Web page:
Advertisement

A genome-wide association analysis of serum iron concentrations

Toshiko Tanaka, Cindy N. Roy, Wenliang Yao, Amy Matteini, Richard D. Semba, Dan Arking, Jeremy D. Walston, Linda P. Fried, Andrew Singleton, Jack Guralnik, Gonçalo R. Abecasis, Stefania Bandinelli, Dan L. Longo, Luigi Ferrucci

Abstract

To investigate genetic variants that affect iron concentrations in persons not affected by overt genetic disorders of iron metabolism, a genome-wide association study was conducted in the InCHIANTI Study (N = 1206) and the Baltimore Longitudinal Study of Aging (N = 713). The top 2 single-nucleotide polymorphisms were examined for replication in the Women's Health and Aging Study (WHAS) I and II (N = 569). The single-nucleotide polymorphism most strongly associated with lower serum iron concentration was rs4820268 (P = 5.12 × 10−9), located in exon 13 of the transmembrane protease serine 6 (TMPRSS6) gene, an enzyme that promotes iron absorption and recycling by inhibiting hepcidin antimicrobial peptide transcription. The allele associated with lower iron concentrations was also associated with lower hemoglobin levels, smaller red cells, and more variability in red cell size (high red blood cell distribution width). Our results confirm the association of TMPRSS6 variants with iron level and provide further evidence of association with other anemia-related phenotypes.

Introduction

Iron is an important cofactor for enzymes performing basic functions in human physiology.1 Iron deficiency has important pathologic consequences including but not limited to anemia.2 Iron is also toxic and can react with oxygen species to form chemically active free radicals that damage macromolecules and cellular organelles.3 To avoid both deficiencies and toxicity, iron homeostasis is tightly regulated.

Iron balance is maintained through regulation of dietary iron uptake and systemic distribution with only very small quantities eliminated through bleeding and shedding of the intestinal mucosa.4 Studies have suggested that variability in iron concentrations is in part genetically determined with heritability estimates of 20% to 30%.5,6

Over the past decade, heritable, overt pathologic iron deficiencies and iron overload have been attributed to mutations in a number of key genes that control iron homeostasis.1 However, whether iron levels are affected by genetic variants in subjects who are not affected by these Mendelian diseases is unclear. To address this question, we conducted a genome-wide association study (GWAS) in the InCHIANTI and the Baltimore Longitudinal Study of Aging (BLSA) and confirmed our results in the Women's Health and Aging Study (WHAS).

Methods

Study subjects

The InCHIANTI study is a population-based epidemiologic study performed in a sample of the population living in the Chianti region of Tuscany, Italy.7 The BLSA study is a population-based study conducted in a sample of volunteers predominantly from the Baltimore–Washington, DC, area.8 The WHAS I and II are companion prospective, observational studies of the causes and consequences of disability in older women.9,10 The 3 studies were approved by the institutional review boards at their respective institutions.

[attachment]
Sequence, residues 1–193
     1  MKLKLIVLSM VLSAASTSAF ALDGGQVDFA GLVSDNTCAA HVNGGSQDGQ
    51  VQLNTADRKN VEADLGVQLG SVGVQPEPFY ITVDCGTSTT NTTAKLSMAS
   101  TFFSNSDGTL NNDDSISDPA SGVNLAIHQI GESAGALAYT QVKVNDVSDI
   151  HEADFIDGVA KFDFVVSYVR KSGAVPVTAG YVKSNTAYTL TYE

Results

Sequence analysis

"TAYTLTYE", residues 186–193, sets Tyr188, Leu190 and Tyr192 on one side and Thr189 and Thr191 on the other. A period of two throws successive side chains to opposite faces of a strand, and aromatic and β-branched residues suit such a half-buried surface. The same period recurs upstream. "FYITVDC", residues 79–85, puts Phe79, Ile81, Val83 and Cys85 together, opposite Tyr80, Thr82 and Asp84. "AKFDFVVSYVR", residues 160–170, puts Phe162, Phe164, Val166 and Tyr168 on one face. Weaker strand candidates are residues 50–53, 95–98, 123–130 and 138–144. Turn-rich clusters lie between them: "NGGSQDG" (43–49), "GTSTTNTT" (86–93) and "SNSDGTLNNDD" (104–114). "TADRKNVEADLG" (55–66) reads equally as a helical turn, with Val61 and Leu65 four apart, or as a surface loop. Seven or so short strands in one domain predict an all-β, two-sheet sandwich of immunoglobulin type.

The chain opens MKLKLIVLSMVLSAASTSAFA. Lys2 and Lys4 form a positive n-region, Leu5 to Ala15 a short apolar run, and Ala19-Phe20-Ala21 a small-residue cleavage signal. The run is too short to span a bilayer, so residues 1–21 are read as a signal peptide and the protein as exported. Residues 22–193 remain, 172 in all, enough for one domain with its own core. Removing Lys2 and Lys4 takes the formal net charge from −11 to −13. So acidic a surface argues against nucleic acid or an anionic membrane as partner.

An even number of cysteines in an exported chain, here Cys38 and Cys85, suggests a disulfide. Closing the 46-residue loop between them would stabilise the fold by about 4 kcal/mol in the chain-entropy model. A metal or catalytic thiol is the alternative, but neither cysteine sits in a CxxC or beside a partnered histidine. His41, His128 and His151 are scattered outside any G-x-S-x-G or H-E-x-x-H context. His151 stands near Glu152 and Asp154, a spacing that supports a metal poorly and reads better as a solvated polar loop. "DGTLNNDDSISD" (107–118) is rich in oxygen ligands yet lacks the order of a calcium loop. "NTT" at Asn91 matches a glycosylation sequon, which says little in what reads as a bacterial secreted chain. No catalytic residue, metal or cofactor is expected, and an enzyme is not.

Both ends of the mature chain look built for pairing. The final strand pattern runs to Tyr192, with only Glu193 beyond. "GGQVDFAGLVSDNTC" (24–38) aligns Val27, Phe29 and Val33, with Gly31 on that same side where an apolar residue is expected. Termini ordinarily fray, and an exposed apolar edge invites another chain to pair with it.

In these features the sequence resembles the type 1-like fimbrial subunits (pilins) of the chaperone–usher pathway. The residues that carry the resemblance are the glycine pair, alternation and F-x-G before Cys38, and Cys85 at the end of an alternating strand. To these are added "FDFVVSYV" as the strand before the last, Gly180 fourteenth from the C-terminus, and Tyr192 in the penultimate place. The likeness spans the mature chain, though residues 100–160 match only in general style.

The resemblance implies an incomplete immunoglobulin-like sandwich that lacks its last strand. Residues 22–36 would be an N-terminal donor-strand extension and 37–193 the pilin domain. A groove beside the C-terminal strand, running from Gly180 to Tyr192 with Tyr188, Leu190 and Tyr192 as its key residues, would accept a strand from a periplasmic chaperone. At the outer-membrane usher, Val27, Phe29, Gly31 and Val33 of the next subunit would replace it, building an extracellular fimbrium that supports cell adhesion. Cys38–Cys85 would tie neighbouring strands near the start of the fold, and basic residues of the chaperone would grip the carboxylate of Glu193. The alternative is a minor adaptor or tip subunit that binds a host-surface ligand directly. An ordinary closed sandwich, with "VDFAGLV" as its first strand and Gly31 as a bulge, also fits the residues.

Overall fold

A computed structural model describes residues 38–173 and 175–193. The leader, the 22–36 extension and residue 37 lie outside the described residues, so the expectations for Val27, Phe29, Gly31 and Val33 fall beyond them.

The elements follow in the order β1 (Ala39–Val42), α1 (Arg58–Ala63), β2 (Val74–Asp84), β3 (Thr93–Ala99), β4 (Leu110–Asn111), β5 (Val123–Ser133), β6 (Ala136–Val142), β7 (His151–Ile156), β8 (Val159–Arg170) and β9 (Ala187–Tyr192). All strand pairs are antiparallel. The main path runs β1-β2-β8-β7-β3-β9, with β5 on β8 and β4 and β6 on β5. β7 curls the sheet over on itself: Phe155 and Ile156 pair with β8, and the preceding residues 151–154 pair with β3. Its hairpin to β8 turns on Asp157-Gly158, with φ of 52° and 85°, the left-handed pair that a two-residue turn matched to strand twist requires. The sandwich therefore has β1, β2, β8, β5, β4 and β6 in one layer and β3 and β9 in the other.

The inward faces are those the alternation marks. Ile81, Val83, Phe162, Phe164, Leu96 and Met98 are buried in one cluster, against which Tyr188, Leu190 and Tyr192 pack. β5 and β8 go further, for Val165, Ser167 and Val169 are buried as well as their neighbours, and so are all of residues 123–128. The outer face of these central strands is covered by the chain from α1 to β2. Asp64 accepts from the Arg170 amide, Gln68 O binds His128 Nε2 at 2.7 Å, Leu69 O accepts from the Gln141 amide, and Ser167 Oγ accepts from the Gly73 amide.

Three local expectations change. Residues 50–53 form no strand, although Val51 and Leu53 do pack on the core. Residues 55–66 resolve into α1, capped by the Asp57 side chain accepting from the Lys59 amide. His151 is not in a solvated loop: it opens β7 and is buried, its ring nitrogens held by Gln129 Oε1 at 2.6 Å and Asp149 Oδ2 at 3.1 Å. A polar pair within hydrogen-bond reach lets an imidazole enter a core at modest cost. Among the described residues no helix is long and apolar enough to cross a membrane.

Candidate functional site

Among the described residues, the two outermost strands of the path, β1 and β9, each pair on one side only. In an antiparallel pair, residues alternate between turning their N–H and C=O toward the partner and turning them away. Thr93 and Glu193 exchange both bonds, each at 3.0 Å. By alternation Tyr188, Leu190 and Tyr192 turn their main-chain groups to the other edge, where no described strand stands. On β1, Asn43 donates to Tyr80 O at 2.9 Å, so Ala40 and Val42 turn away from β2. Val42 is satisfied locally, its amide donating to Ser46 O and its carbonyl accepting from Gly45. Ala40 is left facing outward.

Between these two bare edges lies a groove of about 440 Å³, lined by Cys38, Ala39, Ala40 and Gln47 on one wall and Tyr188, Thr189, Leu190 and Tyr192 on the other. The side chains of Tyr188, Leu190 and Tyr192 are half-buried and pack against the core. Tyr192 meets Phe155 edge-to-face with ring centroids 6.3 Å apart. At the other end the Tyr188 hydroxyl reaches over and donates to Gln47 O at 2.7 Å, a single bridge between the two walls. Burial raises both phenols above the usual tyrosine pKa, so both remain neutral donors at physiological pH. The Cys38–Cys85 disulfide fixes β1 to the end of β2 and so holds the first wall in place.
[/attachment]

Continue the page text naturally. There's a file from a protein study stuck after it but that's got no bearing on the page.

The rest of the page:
Iron-related measurements

Serum iron was measured using a colorimetric assay (Roche Diagnostics; InCHIANTI;WHAS) or Fe slide method (VITROS 750, Johnson & Johnson; BLSA). Serum ferritin was measured using Quest Diagnostics Laboratory (formerly Ciba-Corning Laboratories; WHAS), chemiluminescent immunoassay (Abbott Diagnostic; INCHIANTI) or an immunoassay-type 2-stage sandwich method using 2 antiferritin antibodies (Advia Centaur, Bayer; BLSA). Other traits (hemoglobin, hematocrit, red blood cell width, mean corpuscular volume, red blood cell count, and platelets) were assessed using autoanalyzer SYSMEX SE-9000 (Sysmex Corporation; InCHIANTI), coulter hematology analyzer (WHAS), and SYSMEX XE-series (Sysmex Corporation).

Genotyping

Genome-wide genotyping of the InCHIANTI and BLSA was assessed using the Illumina Infinium HumanHap 550K.11,12 Association analysis was conducted on 475 322 single-nucleotide polymorphisms (SNPs) that passed quality control (minor allele frequency ≥ 1%, genotyping completeness ≥ 99%, and Hardy Weinberg-equilibrium > 0.0001). Genotyping of rs855791 and rs4820268 in WHAS was performed using AppliedBiosystems TaqMan Assays on Demand.

Statistical analysis

For association analysis, inverse normal transformation was applied to iron concentrations to avoid inflated type I error resulting from nonnormal data distribution.13 An additive genetic model was tested by fitting a simple regression adjusted for age2 and sex using the fastAssoc option in MERLIN as previously described.13,14 For the BLSA, the analysis was restricted to subjects with European ancestry, and each analysis was further adjusted for the top 2 principal components derived from an EIGENSTRAT analysis using approximately 10 000 randomly selected SNPs from the 550K SNP panel.15 The genomic control method was used to control for residual effects of population structure and cryptic relatedness.16 Genome-wide significance was recognized for P values of 5 × 10−7.17 The summary results were combined using an inverse variance and sample size weighted meta-analysis using METAL (http://www.sph.umich.edu/csg/abecasis/Metal/). The meta-analysis results from the GWAS studies are available through dbGAP (accession no. phs000215.v1).

Results and discussion